Some points remain still to be revealed in this whole matter of the separation ; but we are probably in a position to estimate already the main facts and their bearings. We shall never do justice to any one of the three parties concerned unless we consider these facts from their point of view, and not from that of persons whose opinions are fundamentally different.
Firstly, then, as regards Shelley, it appears to be certain that, after some two years or more of marriage, he found that Harriett did not suit him, partly through the limitations of her own mind and character, and partly through the baneful influence of her sister; that, having already reached this conclusion, he fell desperately in love with Mary Godwin; that this attachment
(whether or not then avowed and confessedly reciprocated), combining with the previous motives, determined him to separate from Harriett; and that the separation, though at one moment a mere piece of abrupt de facto work on Shelley's part, was eventually carried out on a deliberate footing, and without decided neglect of her material interests. Shelley was an avowed opponent, on principle, to the formal and coercive tie
f marriage : therefore, in ceasing his marital connection with Harriett, and in assuming a similar relation to Mary, he did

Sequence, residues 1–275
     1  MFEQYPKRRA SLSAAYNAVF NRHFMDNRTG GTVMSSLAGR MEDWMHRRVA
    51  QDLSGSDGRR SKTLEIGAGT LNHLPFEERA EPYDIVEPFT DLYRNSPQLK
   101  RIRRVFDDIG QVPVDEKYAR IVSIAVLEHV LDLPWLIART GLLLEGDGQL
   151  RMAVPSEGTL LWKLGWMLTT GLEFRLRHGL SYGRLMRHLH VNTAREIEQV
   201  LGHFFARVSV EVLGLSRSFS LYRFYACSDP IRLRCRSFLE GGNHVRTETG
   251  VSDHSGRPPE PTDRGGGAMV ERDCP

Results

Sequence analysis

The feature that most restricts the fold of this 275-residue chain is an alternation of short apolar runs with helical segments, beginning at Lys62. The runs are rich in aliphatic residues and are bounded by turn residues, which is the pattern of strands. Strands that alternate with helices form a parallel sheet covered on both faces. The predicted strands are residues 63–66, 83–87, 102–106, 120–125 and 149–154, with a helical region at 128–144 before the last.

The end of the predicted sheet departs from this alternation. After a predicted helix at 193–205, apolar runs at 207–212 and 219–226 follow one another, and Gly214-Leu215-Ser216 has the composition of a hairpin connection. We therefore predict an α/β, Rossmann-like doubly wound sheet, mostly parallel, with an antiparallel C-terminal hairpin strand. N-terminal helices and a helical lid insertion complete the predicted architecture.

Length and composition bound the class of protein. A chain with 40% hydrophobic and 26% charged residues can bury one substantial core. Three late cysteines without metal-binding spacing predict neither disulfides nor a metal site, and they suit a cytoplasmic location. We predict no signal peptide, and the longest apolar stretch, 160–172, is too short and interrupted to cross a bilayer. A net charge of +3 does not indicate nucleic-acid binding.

othing which he regarded as wrong-though (as far as anything yet published goes) it must distinctly be said that he consulted his own option rather than Harriett's.
Secondly, Harriett took no steps of her own accord to separate from Shelley, and had given no cause whatever for repudiation by breach or tangible neglect of wifely duty; but she did not offer a strenuous pertinacious resistance to the separation, nor exhibit a determined sense of wrong. Mr. Thornton Hunt, indeed, thinks that she may rather have courted the separation at the moment, but only with the idea that it would cause a revulsion in Shelley's mind, inducing him submissively to solicit her return. If Shelley connected himself with Mary, Harriett, after the separation, connected herself with some other protector, and this probably, from the principles she had imbibed, with a conscience equally void of offence—at least at first.